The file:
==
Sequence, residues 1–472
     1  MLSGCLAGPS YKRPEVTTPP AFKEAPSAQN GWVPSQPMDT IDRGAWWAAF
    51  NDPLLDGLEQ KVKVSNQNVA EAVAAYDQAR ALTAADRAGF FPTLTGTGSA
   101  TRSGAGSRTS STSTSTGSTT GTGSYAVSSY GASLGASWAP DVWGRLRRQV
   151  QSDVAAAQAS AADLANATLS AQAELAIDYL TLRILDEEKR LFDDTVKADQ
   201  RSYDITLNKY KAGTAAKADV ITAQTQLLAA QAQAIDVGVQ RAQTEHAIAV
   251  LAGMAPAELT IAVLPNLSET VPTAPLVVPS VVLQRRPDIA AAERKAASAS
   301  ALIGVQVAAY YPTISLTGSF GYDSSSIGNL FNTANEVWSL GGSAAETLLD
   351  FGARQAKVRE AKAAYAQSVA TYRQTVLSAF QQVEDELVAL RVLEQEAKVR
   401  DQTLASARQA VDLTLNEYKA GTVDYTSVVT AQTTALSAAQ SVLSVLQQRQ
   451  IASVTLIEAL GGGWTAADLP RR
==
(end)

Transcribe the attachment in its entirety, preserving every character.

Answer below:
Sequence, residues 1–472
     1  MLSGCLAGPS YKRPEVTTPP AFKEAPSAQN GWVPSQPMDT IDRGAWWAAF
    51  NDPLLDGLEQ KVKVSNQNVA EAVAAYDQAR ALTAADRAGF FPTLTGTGSA
   101  TRSGAGSRTS STSTSTGSTT GTGSYAVSSY GASLGASWAP DVWGRLRRQV
   151  QSDVAAAQAS AADLANATLS AQAELAIDYL TLRILDEEKR LFDDTVKADQ
   201  RSYDITLNKY KAGTAAKADV ITAQTQLLAA QAQAIDVGVQ RAQTEHAIAV
   251  LAGMAPAELT IAVLPNLSET VPTAPLVVPS VVLQRRPDIA AAERKAASAS
   301  ALIGVQVAAY YPTISLTGSF GYDSSSIGNL FNTANEVWSL GGSAAETLLD
   351  FGARQAKVRE AKAAYAQSVA TYRQTVLSAF QQVEDELVAL RVLEQEAKVR
   401  DQTLASARQA VDLTLNEYKA GTVDYTSVVT AQTTALSAAQ SVLSVLQQRQ
   451  IASVTLIEAL GGGWTAADLP RR